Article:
Ethics and Public Policy Center, 1030 15th Street NW, Washington, DC 20005 • 1991 • 392 pages, $24.95 cloth
Ideological studies revolve around more than politics; they involve culture as well. Lenin was the first socialist to implement Marx’s nightmare vision in the political realm. But another Marxist—the Italian Antonio Gramsci—played a crucial role in Marxism’s spread to the cultural realm. Neoconservative Richard Grenier notes in this intriguing book that Gramsci was “the most prescient analyst of the contemporary relationship of art and politics . . . . Culture, Gram-sci felt, is not simply the superstructure of an economic base—the role assigned to it in orthodox Marxism—but is central to a society.”
Gramsci’s famous slogan was “Capture the culture.” Grenier documents how Gramsci’s disciples continue their “long march through the institutions” of the cultural world. The collapse of socialism in the Soviet Union and Eastern Europe has totally discredited Lenin’s political work. But Gramsci’s legacy remains with us in the form of a powerful cultural left. In this collection of essays originally published in Commentary, The Washington Times and The New York Times, Grenier explores how “the modern artist’s predisposition to estrangement has flung him, in America especially, straight into Gramsci’s arms.”
Many of Grenier’s insights would warm the heart of any classical liberal. Reds, Warren Beatty’s film about the Russian Revolution, “has politics after all,” Grenier observes. “They are what can be called the ‘politics of intent,’ as opposed to the politics of achievement. If one has noble intentions, and means well toward one’s fellow man, and one’s heart is pure, and generous, and filled with love, then that is what matters. If one’s ideas are unworkable, bring social disruption, disaster, and even tragedy on a colossal scale—one can’t be expected to foresee all that, can one?” Despite the socialistic bias of Reds, there are highlights. At one point, Jack Nicholson, portraying Eugene O’Neill, drily remarks, “Something in me tightens, when an American intellectual’s eyes shine at the mention of Russia.”
Important post-World War II European filmmakers unknown to the average American—but not to flattering leftist critics—are an easy mark for Grenier. The late director Rainer Werner Fass-binder and other “New Wave” film-makers were creations of the West German government. “For without lavish government funding,” Grenier observes, “this New German cinema would not only never have survived, it would never have been born.” Fassbinder was part of “a subsidized underground cinema.”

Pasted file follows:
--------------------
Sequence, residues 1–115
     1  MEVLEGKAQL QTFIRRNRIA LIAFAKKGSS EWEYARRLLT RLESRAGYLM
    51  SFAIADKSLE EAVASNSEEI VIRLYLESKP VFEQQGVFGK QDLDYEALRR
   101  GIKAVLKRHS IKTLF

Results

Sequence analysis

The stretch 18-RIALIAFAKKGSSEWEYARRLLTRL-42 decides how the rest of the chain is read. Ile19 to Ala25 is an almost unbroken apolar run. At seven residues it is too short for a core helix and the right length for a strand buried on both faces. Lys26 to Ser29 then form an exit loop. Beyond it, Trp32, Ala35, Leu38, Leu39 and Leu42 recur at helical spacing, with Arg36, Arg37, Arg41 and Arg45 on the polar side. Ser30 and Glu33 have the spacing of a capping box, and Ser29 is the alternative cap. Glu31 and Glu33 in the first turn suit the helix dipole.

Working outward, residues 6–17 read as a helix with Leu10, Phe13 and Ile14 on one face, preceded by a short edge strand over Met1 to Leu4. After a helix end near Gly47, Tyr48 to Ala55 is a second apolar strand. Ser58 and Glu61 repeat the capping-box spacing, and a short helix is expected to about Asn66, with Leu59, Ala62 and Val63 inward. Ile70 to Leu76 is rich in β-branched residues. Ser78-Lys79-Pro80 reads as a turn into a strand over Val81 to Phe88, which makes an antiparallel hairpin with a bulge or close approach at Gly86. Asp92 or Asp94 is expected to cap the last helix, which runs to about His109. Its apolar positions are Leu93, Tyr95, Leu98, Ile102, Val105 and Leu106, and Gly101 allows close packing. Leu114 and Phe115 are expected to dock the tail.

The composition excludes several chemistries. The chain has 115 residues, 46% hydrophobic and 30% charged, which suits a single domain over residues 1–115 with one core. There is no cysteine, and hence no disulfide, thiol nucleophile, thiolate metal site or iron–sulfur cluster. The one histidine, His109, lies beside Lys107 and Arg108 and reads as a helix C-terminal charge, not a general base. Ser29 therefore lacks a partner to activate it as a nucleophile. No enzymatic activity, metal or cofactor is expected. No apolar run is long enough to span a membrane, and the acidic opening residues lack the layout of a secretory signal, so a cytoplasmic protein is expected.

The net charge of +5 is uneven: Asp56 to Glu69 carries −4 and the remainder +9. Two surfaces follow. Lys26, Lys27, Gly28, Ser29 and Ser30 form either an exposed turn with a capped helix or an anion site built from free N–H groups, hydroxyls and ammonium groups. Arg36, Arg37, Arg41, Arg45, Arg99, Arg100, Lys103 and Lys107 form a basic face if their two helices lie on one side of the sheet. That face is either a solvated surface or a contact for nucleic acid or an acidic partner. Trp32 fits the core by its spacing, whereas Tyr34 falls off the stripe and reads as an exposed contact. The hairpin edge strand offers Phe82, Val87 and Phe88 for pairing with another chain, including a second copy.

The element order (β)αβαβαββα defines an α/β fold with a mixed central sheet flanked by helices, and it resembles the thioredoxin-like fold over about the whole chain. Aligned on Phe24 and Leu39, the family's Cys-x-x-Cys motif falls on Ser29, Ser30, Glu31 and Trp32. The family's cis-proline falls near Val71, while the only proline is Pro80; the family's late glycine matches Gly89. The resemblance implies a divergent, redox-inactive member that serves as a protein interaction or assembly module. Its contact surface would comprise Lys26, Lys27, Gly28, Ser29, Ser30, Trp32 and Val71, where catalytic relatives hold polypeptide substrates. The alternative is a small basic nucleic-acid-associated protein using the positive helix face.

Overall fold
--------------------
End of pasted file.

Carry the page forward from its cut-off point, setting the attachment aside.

Grenier writes, “When you see [the Greek director Kostantinos Costa-Gavras in Europe] there are no evasions. He’s your straight, mind-numbing Marxist . . . . But whenever he flies to America he converts to free enterprise . . . . He takes Americans for political illiterates, and fair is fair, he’s usually right.”
The Frenchman François Truffaut was a different sort of film-maker. Grenier observes that it “was not hard for General de Gaulle or his culture minister, André Malraux, to grasp that France had produced in Truffaut and [his followers] a school of film-makers whose conservatism, both cultural and political, was profound . . . . [Truffaut] simply could not abide a cinema that told him, in accordance with the modish ideas of the Marxianized French elite culture of his early years, that the world was a rotten place, evil, doomed . . . .” De Gaulle and Malraux moved quickly. Fassbinder was part of a government-subsidized, left-wing cinema, while Truffaut was subsidized by a government of the political right.
Some libertarians may be disturbed by Gre-nier’s reduction of culture to the Cold War, but they should be more troubled by the scant attention paid to the South and Midwest, arguably the foundation of American culture. This comes as little surprise. To a neoconservative such as Grenier, New York is the center of the world. Despite this oversight, Grenier’s book does contain one observation about that vast tract of land west of the Hudson River. Clint Eastwood, he writes, “draws the skilled industrial workers, farmers, men who if they no longer work with their hands come from a different America than the Vassar that produced Jane Fonda and Meryl Streep.” Fine. But there is much more that Grenier could have said about the South and Midwest.
Shortly after the Bolsheviks took power in the Soviet Union, Lenin declared, “Of all the arts, for us cinema is the most important.” Richard Grenier observes, “Only in America . . . is it possible for a critic to be in the editorial offices of an influential organ of the press . . . and have an editor say: ‘Who’s Gramsci?’” Two good reasons, despite its shortcomings, to read this book.
Greg Kaza is Vice President for Policy Research at The Mackinac Center of Midland, Michigan, and co-author of the book, Michigan: An Agenda for the ‘90s.